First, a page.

It isn’t enough. This sort of hackwork in the spy world is mere dilettantism. He decides to take things more seriously and, knowing that a true spook would never be without good cover, sets up a spurious travel agency called Locus Solus (tagline: International Travel Counsel), headed by a non-existent Pole called Elzbieta Sosnowska. He lists the new company with the Association of American Residents Overseas, procures professional-looking stationery, and enlists the help of the postman in Lans-en-Vercors: the village near Grenoble where he had spent much of the previous dozen years and which had been the nominal headquarters of Locus Solus, the little magazine he had once edited with John Ashbery, Kenneth Koch and James Schuyler. His thinking was that the prime currency of intelligence work is information about places, and travel agents have access to a great deal. He might even make some money.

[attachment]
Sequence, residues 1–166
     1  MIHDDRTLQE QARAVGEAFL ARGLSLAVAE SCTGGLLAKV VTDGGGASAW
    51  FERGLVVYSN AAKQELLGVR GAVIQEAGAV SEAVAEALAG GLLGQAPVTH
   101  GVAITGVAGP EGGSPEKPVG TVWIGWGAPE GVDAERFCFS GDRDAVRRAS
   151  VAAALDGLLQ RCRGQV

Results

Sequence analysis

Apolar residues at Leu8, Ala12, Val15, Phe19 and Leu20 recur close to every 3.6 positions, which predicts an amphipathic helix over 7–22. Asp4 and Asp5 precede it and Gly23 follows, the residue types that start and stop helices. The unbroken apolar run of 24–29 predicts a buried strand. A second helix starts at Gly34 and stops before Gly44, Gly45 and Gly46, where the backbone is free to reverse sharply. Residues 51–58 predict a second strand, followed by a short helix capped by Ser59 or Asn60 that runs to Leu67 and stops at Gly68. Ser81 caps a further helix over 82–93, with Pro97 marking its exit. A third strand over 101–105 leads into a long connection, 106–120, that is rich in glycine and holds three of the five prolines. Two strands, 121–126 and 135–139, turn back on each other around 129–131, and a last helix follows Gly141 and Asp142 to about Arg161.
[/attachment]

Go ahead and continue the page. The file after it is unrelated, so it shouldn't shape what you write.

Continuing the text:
The AARO invites him to give a talk to an eclectic group of dyslexic ex-pats, an invitation he gladly accepts. His ingenious solution to the problem of anxiety-induced innumeracy – which could render victims incapable of telling the difference between a 15.20 flight to Venice and a 20.15 flight to Mallorca – is a system whereby travellers are advised to restrict themselves to palindromic departure times: the 23.32 train from Moscow to Sverdlovsk; the 03.30 from Sverdlovsk to Omsk three days later; the next morning, the 10.01 to Novosibirsk; and finally the 22.22 – second-class only – to Krasnoyarsk. Various diverting Siberian excursions are suggested along the way. He doesn’t fail to mention that there is an alternative itinerary, via Perm II – a town which is closed to foreigners thanks to its nuclear reactors. He advises against that particular detour, since it means taking the Kuzbas Express, which leaves Moscow at a dangerously pseudo-palindromic 05.55. But he also hopes that certain members of his audience will note his transgressive suggestions and be curious as to why he thinks outsiders might be permitted to consider them. He isn’t disappointed. An idle Oulipian game becomes deadly serious when one member of the partly sleeping audience collars him to talk about Plishkin, a dissident nuclear scientist under house arrest in Khadistan. A writerly technique, a virtuoso performance in real-life Oulipianism, has now yielded dividends.